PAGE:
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Posted at 6:02 AM ET, 02/22/2011

Does America really need a civility institute?

By Stephen Stromberg

The University of Arizona is establishing the National Institute for Civil Discourse, university officials announced Monday. Inspired by the debate that surrounded the shooting of Rep. Gabrielle Giffords (D-Ariz.) last month, the institute, The Post reports, is supposed to be "a nonpartisan center for debate, research, education and policy about civility in public discourse," and a range of Washington luminaries will serve on the institute's board. Former presidents Bill Clinton and George H.W. Bush, for example, will serve as co-chairs.

The institute's good-natured director, Brent Milward, calls himself an "optimistic realist" about the chances of affecting the tone of the national debate. But this sounds like so many things related to Washington: Good intentions mixed with ready cash, an instinct that a reasonable response to any event is establishing some new organization, and notables' desire to seem concerned.

Civility isn't that hard. A fundamental rule in good opinion journalism is: Always try to consider an opponent's argument honestly, and accept that there can be principled takes on both sides of most debates, even if one seems unhinged to you. Mistrust people who are too sure of what they're saying -- even if you're one of them. And, while you're doing all this, try not to compare your opponents to Stalin, Hitler or Pol Pot unless they literally are Stalin, Hitler or Pol Pot, respectively.

Many in opinion journalism and politics ignore these rules. But that's because they often don't have much incentive to follow the rules -- not because the guidelines rely on sophisticated insights. Milward admits that, ultimately, nasty rhetoric will wane when it finally becomes less effective.

In that vein, the most useful thing the University of Arizona could do is identify instances of civility and incivility in public debate, making itself the Politifact for politeness. With some publicity, that might slightly tweak the incentives for those participating in national debates. Milward says the institute is thinking of doing something like that eventually.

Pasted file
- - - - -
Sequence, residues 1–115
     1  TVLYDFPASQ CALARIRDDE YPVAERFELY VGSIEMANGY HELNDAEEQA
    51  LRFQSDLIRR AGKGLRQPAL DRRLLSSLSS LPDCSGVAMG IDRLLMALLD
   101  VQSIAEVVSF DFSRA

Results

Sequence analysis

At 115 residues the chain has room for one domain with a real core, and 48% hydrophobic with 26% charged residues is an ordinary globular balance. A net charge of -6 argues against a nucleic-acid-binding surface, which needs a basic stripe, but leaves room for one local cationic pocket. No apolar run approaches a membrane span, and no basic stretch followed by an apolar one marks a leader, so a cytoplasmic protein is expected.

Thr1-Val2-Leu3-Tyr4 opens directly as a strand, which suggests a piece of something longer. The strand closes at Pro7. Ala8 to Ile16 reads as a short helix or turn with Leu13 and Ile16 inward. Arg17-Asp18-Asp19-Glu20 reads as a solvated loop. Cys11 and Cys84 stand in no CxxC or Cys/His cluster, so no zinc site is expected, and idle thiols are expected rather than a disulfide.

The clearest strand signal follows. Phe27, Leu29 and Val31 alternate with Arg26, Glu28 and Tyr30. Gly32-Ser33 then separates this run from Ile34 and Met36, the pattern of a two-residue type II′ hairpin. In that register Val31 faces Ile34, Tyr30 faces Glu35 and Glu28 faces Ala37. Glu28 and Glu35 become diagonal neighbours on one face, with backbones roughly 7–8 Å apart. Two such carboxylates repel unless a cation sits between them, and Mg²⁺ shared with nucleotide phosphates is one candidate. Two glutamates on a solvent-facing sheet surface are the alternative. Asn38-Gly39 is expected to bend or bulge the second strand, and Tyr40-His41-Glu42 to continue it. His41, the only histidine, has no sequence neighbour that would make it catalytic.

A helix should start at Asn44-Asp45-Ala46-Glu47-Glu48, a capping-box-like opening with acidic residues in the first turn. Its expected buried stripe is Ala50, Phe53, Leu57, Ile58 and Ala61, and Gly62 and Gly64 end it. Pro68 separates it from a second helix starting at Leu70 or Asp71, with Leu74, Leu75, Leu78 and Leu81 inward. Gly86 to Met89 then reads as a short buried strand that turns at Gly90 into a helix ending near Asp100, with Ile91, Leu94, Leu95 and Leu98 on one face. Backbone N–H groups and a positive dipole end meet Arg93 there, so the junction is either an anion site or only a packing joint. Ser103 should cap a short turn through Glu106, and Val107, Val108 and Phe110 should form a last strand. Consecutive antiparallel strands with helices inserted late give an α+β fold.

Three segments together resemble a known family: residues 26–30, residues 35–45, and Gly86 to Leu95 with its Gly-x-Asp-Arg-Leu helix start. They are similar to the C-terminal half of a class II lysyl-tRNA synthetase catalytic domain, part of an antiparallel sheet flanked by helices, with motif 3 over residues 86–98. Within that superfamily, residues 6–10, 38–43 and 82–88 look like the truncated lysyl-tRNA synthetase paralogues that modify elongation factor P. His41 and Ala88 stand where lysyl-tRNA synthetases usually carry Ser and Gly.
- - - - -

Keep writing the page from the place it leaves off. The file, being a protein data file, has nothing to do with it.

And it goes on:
But first it's going to convene conferences, offer workshops and connect different groups that work on civil engagement. Groups, presumably, such as the Institute for Civility in Government, which runs "workshops" in which participants "learn what civility makes possible, and what incivility prevents." It's a four-step program:

Session 1 - Know thyself/differences are enriching
Session 2 - Listen with your heart, mind and strength
Session 3 - Help comes from unexpected places
Session 4 - One is powerful, but numbers count

Call me a pessimistic realist, but I'm not sure more workshops are really going to help.

By Stephen Stromberg  | February 22, 2011; 6:02 AM ET
Categories:  Stromberg  | Tags:  Stephen Stromberg  
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Comments

Well, then it can start working right now! I have seen some pretty nasty and vile signs carried by the pro union protesters in Wisconsin.

Or does this "civility center" not look at the language if it used by liberals?

Posted by: heathergreeneyes | February 22, 2011 6:34 AM | Report abuse

Nothing harmful could come from such an effort. Everyone like Bill Clinton, so this is where he shines.

Posted by: dangreen3 | February 22, 2011 8:25 AM | Report abuse

Blah, blah. Once again, this "reporter" fits to a tee what Winston Churchill said about reporters. "They are generally semi-illiterate cretins hired to fill spaces between advertisements"

Posted by: nomobarry | February 22, 2011 9:19 AM | Report abuse

The United States has not benefitted from the corporate owned "mainstream" media driving a divisive agenda that pits American citizens against each other and against government. This nation needs more real journalism, citizen journalism committed to the public interest. I unplugged the signal over a year ago.

Peter Hebert

Posted by: Peter_Hebert | February 22, 2011 9:28 AM | Report abuse

hahaha! Sooo stupid!Didnt we learn this in kindergarten? Whos paying for this?

Posted by: allsides | February 22, 2011 9:35 AM | Report abuse

Give them a break Stephen. It's just a way to net some grant money.

Posted by: wonderingstevie | February 22, 2011 9:55 AM | Report abuse

I'm starting a civility institution in my basement. Please forward $15 billion within the next 24 hours, taxpayers. I'll make sure you get your money's worth.

Posted by: ecartr5 | February 22, 2011 10:37 AM | Report abuse

"The problem of incivility in the operations of governing" deserves serious study.

A suggested place to begin is to try to find the best questions to ask.

"An Interdisciplinary Approach to Studying Civil Discourse in the U.S."

Beginning list of qwuesitons:

How much does "critical thinking" figure into the discussion?

How much does “learning the tools-to-recognize-propaganda" have to do with civil discourse?

How much does being "scientifically literate, or not", affect civil discourse?

How much does one’s "understanding of the Constitution" affect civil discourse?

How much does "corporate-controlled journalism" affect civil discourse?

How does getting people to-- "act-in-a-manner-against-their own-best-interests, play into the discussion?"

How much do "labels" (that supposedly refer to one’s epistemological bias) affect civil discourse?

How much does "empathy, or lack of it", have to do with civil discourse?

How much does the belief in the "effectiveness of punishment" have to do with it?

How much does the study of "authoritarians vs. non-authoritarians" have to do with civil discourse?

Let's begin by trying to ask probing questions that might start to shed some light, and overall understanding, of our culture. I think social scientists need to take this as their cue to apply academia to the problem in a committed manner.

Posted by: HoffmanQRC | February 22, 2011 11:39 AM | Report abuse